Collateral warranties – how far can they go?
Whether you are an employer, a contractor, sub-contractor or consultant you are likely to have been a party to a collateral warranty at some stage. You may have been the beneficiary or the warrantor. Either way, you should carefully check the terms and extent of the warranty you are giving or receiving. This issue came up recently in relation to a collateral warranty entered into between an employer and a sub-contractor. The collateral warranty seemed to impose greater obligations on the sub-contractor than the sub-contractor had assumed under its sub-contract.
The collateral warranty included none of the express exclusions of liability that appeared in the sub-contract and did not contain any "equivalent rights of defence" or "no greater liability" clauses. It was otherwise in what could be described as a standard market form and included no express provisions which limited it in any way by reference to the terms of the underlying sub-contract.
In the event that there were defects for which the sub-contractor was liable, was it possible that the sub-contractor could have greater liability under the collateral warranty than it had under its sub-contract?
Starting point – purpose of collateral warranties
Defective design or workmanship by a consultant, contractor or sub-contractor can cause loss to many parties with different interests in a construction project. Due to the way in which risk is filtered down through the supply chain, there is usually no direct contractual link between an employer and a specialist consultant or sub-contractor or between third parties such as tenants, purchasers and funders and the main contractor, sub-contractors or consultants. Despite the option of rights granted under the Contracts (Rights of Third Parties) Act 1999, entering into collateral warranties remains a popular means of establishing this link.
Collateral warranties in the construction market
Various industry bodies produce a standard form of collateral warranty for use on construction projects and many are produced on a project specific basis. They often assume a similar form and structure with the intention of creating privity of contract between the warrantor and beneficiary which would otherwise not exist.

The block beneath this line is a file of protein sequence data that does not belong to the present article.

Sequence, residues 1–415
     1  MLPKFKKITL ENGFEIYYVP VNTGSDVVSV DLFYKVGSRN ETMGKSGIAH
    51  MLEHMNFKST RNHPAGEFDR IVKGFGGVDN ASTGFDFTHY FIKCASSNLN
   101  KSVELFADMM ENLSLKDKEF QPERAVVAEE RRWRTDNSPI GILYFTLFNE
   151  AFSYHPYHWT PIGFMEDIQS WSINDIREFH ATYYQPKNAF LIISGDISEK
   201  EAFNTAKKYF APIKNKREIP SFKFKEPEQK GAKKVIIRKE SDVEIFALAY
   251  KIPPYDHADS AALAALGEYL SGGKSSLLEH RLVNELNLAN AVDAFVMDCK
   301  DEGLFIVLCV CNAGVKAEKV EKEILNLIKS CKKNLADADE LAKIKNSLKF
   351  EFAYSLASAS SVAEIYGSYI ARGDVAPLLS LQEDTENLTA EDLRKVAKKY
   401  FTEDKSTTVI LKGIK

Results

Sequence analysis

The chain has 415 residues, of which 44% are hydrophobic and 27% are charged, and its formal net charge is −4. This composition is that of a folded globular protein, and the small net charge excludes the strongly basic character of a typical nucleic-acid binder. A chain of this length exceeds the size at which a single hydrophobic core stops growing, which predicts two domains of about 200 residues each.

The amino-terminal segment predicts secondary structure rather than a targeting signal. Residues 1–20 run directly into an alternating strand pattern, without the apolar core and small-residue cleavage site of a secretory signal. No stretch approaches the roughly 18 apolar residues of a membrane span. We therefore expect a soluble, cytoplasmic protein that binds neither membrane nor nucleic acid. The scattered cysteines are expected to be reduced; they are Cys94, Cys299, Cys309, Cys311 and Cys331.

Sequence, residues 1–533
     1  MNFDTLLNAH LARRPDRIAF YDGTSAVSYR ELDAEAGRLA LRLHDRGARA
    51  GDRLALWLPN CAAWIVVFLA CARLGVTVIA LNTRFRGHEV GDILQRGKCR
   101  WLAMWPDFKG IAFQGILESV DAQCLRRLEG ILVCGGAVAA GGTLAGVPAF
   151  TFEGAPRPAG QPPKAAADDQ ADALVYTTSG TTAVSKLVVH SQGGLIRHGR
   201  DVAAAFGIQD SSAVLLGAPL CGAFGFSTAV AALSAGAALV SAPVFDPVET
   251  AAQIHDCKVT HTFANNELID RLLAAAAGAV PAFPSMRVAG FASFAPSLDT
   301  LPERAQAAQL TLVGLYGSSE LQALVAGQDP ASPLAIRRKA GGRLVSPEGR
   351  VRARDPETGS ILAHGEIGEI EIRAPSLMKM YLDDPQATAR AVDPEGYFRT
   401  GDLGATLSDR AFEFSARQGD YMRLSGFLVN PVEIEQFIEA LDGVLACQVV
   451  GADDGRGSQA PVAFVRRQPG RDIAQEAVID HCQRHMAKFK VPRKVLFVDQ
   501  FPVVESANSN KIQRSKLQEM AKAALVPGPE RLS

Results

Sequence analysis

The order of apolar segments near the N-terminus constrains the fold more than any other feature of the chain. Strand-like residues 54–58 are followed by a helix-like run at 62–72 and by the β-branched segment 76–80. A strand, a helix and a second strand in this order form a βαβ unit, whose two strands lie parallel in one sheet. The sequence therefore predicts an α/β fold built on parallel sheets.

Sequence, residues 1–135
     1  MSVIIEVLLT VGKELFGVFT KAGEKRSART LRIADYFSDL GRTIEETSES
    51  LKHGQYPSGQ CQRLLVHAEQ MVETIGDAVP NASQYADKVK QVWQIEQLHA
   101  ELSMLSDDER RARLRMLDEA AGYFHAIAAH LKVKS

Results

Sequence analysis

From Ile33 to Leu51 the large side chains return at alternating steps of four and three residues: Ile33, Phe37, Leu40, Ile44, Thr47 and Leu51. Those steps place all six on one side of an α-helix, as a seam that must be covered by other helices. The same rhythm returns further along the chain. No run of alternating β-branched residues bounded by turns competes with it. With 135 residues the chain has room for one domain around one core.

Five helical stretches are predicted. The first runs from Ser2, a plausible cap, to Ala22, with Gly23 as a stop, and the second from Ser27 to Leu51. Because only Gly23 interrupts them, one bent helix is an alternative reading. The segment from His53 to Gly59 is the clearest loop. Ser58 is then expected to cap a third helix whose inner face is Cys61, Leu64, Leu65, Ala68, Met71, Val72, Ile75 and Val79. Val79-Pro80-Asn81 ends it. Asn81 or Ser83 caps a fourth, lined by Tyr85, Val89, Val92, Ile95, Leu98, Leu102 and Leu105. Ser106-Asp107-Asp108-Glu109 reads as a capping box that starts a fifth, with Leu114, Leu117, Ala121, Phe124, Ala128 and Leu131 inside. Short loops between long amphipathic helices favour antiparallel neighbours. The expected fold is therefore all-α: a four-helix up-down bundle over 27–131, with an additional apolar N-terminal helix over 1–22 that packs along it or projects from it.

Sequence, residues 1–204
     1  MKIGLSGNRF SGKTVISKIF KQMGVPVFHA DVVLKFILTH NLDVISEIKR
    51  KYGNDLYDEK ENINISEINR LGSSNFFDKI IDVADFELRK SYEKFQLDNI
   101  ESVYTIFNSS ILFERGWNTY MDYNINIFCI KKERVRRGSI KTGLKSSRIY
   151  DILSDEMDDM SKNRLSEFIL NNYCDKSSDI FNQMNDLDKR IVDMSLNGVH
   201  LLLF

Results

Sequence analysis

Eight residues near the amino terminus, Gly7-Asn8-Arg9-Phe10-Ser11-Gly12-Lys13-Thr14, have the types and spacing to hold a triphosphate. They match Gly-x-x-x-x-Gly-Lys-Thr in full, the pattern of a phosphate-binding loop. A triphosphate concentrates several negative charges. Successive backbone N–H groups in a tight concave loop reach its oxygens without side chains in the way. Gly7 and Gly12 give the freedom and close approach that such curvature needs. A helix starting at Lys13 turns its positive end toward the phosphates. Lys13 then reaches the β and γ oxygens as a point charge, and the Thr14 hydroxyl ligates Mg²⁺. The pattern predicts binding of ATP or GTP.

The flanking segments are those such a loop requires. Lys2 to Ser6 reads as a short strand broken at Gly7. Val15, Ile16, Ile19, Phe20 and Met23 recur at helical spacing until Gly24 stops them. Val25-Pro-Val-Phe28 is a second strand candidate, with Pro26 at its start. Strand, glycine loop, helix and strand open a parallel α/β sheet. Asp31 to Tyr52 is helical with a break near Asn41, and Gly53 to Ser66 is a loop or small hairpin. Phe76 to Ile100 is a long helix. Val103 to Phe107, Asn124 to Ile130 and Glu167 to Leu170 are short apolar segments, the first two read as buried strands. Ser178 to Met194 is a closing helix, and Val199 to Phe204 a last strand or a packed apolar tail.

In respect of such collateral warranties, Keating, a leading textbook on construction law, states:
"The word 'collateral' imports that the contract is subsidiary to a main or principal contract. The word 'warranty' in this context means 'enforceable contractual promise' and in substance means the same as 'contract'. These contracts have in law all the manifestations and requirements of ordinary contracts and in principle they have no special features."
This suggests that collateral warranties are contracts in their own right. While the name "collateral" implies subordination to the main building or sub-contract, it is still a separate contract on which the beneficiary may rely.
In Parkwood Leisure Ltd v Laing O’Rourke Wales and West Ltd a collateral warranty was found to be a "construction contract" within the meaning of section 104(1) of the Construction Act 1996. The court reached this conclusion on an analysis of the terms of the collateral warranty in question. Without re-opening the arguments for and against Akenhead J's analysis and the effect of his conclusion, the decision supports the potentially stand alone nature of the collateral warranty.
No greater liability clauses
The warrantor will be reluctant to accept more extensive obligations under the collateral warranty that may extend its liability to third parties. On the other hand, the beneficiary will want to make sure that the warrantor cannot avoid liability under the collateral warranty. The compromise is to mirror, so far as possible, the terms of the underlying contract.